GYAN · Volunteering

When you know what it really is !

Not a GyAni but I love GYAN. Why? cause Get Your Answers Now, volunteer led customized workshops, is what it means to me  and hope that with time it will replace the existing connotation of the word  “gyan”, at least the development sector !. What makes me hopeful of this change is not only my passion to facilitate capacity building in this sector but the perspective shared  both by the volunteers, who give their time to take such sessions and the Non profit or the “beneficiary” of GYAN who, interestingly enough, validated each of these perspectives, take a look  to believe;

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Vijay lathe, a volunteer resource person with professional experience in both profit and non profit sectors, found the session unique in its attempt  to match the expectations with takeaway .

“What I liked and appreciated in iVolunteer method of conducting the GYAN session was the pre preparation. You want the deliverable and expectation matching done so well before the session. This I found to be amazing. Right from the naming of the topic, to the detailing, the content, the questions etc., all have to fall in sync. Really appreciate the deliverable and expectation matching concept, which you follow so much in detail. It sure is beneficial to the Social sector, where the need is so different and so well defined.”

And here comes a participant who summarized her overall experience with GYAN in one line

“Excellent! Fulfilled my expectation” Natasha Rashid, Udyogini

Another said

“ It’s nice to be a part of such a special resource class, that touched all the topics, query & difficulty that we face in FCRA & Cash flow”  Rajan Prasad, Mobile Creches

Deeapm Yogi another GYAN trainer with experience into marketing & commutations of both sectors finds the small group and the sector connect quite significant she feels;1978607_10203667145547028_492295332_n

“Training like GYAN can have a huge positive impact on the development sector. The small group concept of these sessions helps participants to address their specific queries as well as get a valuable opportunity for peer learning. NGOs not only get access to skilled volunteers but also open doors with the corporate sector. It facilitates a dialogue between the NGOs and corporate, which in my opinion has been lacking”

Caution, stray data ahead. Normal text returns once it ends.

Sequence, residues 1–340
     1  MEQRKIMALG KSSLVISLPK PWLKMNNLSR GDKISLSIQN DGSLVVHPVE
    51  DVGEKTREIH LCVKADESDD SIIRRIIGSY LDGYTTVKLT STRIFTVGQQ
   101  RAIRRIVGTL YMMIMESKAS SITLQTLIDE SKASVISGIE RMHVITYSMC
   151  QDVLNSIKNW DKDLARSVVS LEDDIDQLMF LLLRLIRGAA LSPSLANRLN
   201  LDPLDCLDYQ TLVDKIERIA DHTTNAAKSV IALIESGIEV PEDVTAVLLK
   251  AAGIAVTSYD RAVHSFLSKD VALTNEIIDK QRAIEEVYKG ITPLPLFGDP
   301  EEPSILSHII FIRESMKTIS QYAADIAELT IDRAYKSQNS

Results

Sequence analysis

once again we see , a participant, Sukanya Sreenivasanm, Consultant to Vidyarambam Trust , say

 “Love the gaining size in a class, Passionate and knowledgeable trainers”

Another one in Delhi highlighted  the significance of a volunteer corporate connect

“I wd surely recommend as sessions are tailored to the needs of the sector and there is an opportunity for cross sharing and learning between the NGOs too. Also we get the opportunity to get advice and learn from professionals who are doing well in corporate , the kind of resource people we may not be able to otherwise afford as NGO. Deepa Bajaj, Child Survival India

The hope strengthens further  when Sarath Divella, Country Head of Lionbridge Technologies who has an equally impressive volunteering journey, considers GYAN as a strategic option for Non Profits & says;

“ I work with many Non profits at different capacities viz., as volunteer, trainer, mentor, advisor…….I am very clear unless we build skills and capacity, this sector cannot progress and scale. This sector cannot hire talent competing with Corporates in the market so the only solution to improve the skills of existing human resources is training. It takes us to the famous management subject, “Make or Buy”, the clear answer for social sector is “Make”. 

And the hopes turn into belief when  Dr. Subathra, Managing Trustee, Lakshmi Pain and Palliative Care summarises all this at one go;

10006946_725243790854081_1349640831_n“The GYAN sessions conducted by iVolunteer are very useful for NGOs. Due to financial constraints, NGOs have a minimum number of employees and GYAN sessions help to equip trustees and staff with the knowledge required to manage and run NGOs efficiently. They also give ideas on how to promote their brand. It is heartening that the resource persons are friendly and they not only have a good knowledge of the topics that are taken up for discussion but also volunteer their time to take these sessions. Since the group is small, there is enough time to interact and get our doubts cleared. The discussion on how to write annual reports was very useful and we got ideas on how to make it look attractive using simple tools. The session on IT laws was very good with inputs on FCRA and the latest IT laws for NGOs.”

It’s just the beginning and I see GYAN going beyond building capacity to building long term relationships between Non Profits & volunteers.  Best of Luck GYAN wishing you many more  Gyani’s in the years to come … !!

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